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27.29.    Correspondence tables. The correspondence tables (also known as correlation tables) define the scope of headings of one classification in terms of the scope of headings of another classification. There can be a strict one-to-one correspondence between headings, when the scope of a heading of one classification is equal to the scope of a heading of another classification, or various kinds of split correspondence. A split correspondence exists when the scope of a heading of one classification partially overlaps with the scope of several headings of another classification. Whenever successive versions of the same classification are produced, a correspondence table between the headings of the revised and original versions is issued.  A reverse table, showing the correspondence between headings of the original and revised versions, is also frequently produced. 

27.30.    Conversion tables. The correspondence tables allow a continuous time series to be maintained when various versions of a given classification are used data are to be expressed in terms of another classification. However, if the scope of a heading of one classification partially overlaps with the scope of several headings of another, an exact correspondence becomes impossible and there is a discontinuity in some data series.  For data-processing purposes it is frequently desirable to substitute an approximate, but one-to-one correspondence for a split correspondence. When this is done, the resulting table is called a conversion table. It should be noted that if there are no split correspondences, the data conversion can be carried out using the correspondence table. Examples of such a straightforward conversion are the conversion of HS88 data into SITC, Rev.3, data and the conversion of HS07 data into SITC, Rev.4, data, as those SITC versions used the respective HS version’s subheadings as building blocks. In contrast, the conversion of HS88 and HS96 data into SITC, Rev.4, data would require approximations, as there exist a number of split correspondences between those versions of HS and SITC, Rev.4.  

27.31.    The use of conversion tables containing such approximations is warranted if the scope of the headings involved is quite similar. However, differences in scope between certain basic headings may be so great, as to eliminate the possibility of a meaningful one-to-one correspondence at that level.  In such a case, a correspondence can be established only between basic headings of one version and the higher-level headings of the other. The responsible agency should study which approach should be adopted in order to achieve a reasonable balance between the requirement of data series continuity and data comparability.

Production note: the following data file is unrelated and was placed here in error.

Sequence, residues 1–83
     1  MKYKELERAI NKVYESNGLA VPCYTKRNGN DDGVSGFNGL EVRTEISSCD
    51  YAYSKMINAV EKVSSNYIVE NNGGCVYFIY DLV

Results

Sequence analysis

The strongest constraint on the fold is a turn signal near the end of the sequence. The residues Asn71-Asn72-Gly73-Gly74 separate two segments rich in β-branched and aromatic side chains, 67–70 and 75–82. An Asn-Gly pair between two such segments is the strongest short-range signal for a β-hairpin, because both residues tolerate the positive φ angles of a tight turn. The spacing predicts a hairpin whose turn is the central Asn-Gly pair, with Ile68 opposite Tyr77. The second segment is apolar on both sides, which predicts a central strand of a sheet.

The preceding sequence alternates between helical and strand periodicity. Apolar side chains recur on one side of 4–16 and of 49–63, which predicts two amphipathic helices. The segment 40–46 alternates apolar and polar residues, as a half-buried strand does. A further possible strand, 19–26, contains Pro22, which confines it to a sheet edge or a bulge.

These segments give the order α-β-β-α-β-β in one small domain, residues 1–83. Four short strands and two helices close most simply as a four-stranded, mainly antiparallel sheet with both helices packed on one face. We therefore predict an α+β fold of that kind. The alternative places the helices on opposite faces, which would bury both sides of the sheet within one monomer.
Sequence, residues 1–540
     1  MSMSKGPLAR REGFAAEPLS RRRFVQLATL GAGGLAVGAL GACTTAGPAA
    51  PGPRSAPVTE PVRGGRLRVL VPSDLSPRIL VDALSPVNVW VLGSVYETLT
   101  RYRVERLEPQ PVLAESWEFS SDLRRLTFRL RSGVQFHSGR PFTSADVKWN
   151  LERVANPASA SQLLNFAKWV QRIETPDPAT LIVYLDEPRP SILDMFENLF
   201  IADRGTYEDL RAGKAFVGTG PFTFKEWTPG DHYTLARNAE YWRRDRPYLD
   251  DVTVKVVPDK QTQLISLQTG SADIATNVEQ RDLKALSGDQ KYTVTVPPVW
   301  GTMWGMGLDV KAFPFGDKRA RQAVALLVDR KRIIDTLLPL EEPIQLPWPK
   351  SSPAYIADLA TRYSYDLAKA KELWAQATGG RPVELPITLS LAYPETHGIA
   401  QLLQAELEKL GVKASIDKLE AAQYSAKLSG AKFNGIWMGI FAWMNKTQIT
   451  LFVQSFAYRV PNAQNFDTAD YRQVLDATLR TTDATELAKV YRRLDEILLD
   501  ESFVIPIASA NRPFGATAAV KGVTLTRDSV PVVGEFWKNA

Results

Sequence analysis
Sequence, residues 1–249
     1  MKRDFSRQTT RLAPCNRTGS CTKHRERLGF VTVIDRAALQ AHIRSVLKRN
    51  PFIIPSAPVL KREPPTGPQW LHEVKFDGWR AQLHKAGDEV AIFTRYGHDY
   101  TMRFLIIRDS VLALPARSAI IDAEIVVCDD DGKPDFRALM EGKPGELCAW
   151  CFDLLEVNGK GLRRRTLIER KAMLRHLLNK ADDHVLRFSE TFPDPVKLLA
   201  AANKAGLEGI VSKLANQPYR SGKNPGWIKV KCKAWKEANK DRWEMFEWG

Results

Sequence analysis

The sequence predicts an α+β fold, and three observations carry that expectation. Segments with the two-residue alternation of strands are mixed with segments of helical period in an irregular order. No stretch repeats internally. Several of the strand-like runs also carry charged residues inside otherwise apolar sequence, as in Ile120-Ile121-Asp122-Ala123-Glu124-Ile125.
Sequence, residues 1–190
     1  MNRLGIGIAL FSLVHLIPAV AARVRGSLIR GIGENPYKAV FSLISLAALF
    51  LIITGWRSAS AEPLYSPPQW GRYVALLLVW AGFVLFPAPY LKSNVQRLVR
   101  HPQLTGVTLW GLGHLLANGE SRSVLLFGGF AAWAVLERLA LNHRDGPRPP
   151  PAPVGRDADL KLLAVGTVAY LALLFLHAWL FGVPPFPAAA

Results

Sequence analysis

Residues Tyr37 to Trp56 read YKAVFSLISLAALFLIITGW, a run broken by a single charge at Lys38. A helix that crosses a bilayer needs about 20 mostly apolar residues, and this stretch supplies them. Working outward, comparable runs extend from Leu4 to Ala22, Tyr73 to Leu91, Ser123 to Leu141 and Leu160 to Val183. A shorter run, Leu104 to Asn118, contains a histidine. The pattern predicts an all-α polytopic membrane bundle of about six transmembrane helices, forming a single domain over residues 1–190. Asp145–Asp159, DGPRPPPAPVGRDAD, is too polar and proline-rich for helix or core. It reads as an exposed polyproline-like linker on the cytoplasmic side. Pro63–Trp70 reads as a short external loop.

27.32.    Uses of the correlations and conversions tables.  The main uses of correlation and conversion tables in trade statistics include:

(a)    Maintenance of comparable data series when the classification used in compilation is revised;

(b)   Reconciliation of data obtained from various sources (and expressed in different classifications);

(c)    Recompilation of trade data for another purpose (e.g., to analyse trade in terms of broad categories of goods or by various economic activities). 

27.33.    Informing users. To make users aware of the methodology adopted for data conversion, it is good practice to ensure that all correlation and conversion tables are documented and made publicly available as part of the metadata. It is advised that the agency responsible alerts users regarding the data conversions that might diminish data comparability, so they can make their own assessment of whether such data are suitable for their purposes. 

27.34.    Correlation tables provided by the World Customs Organization (WCO). WCO produced the first version of the HS in 1988 (HS88). In 1986, it had issued a publication entitled “Correlation Tables between the Harmonized System and the 1978 version of the CCCN”, to link HS with the Customs Cooperation Council Nomenclature (CCCN).[16]  This was a two-way correlation, that is, from HS to CCCN, and from CCCN to HS. When HS is revised, the WCO issues correlation tables between the new and preceding versions of HS and makes them publicly available.[17] 

27.35.    Correlation and conversion tables available from UNSD. UNSD has created correlation and conversion tables between various versions of the HS, SITC and BEC, so that it could maintain its time-series data on trade.[18] UNSD also maintains correlations and conversions between HS, CPC and ISIC.[19] If compilers need to convert their data from one classification to another, it is good practice for them to take into considerations correlation and conversion tables available from international and/or regional organizations. 

27.36.    Correspondence tables with non-HS national commodity classifications.  If a country compiles data in terms of a non-HS classification (provided that said classification is highly detailed, with criteria similar to the ones applied in HS), compilers are advised to develop a correspondence table between the non-HS classification and HS, and to make it available to interested users.

 


[16] This text was initially known as the Brussels (Tariff) Nomenclature (BTN), but in 1976 it was renamed the Customs Co-operation Council Nomenclature (CCCN), to prevent any confusion regarding the international organization responsible.

[17] See http://www.wcoomd.org/en/topics/nomenclature/instrument-and-tools.aspx.

[18] UNSD converts data based on the most detailed level of the applicable classifications.

[19] See http://unstats.un.org/unsd/cr/registry/regot.asp.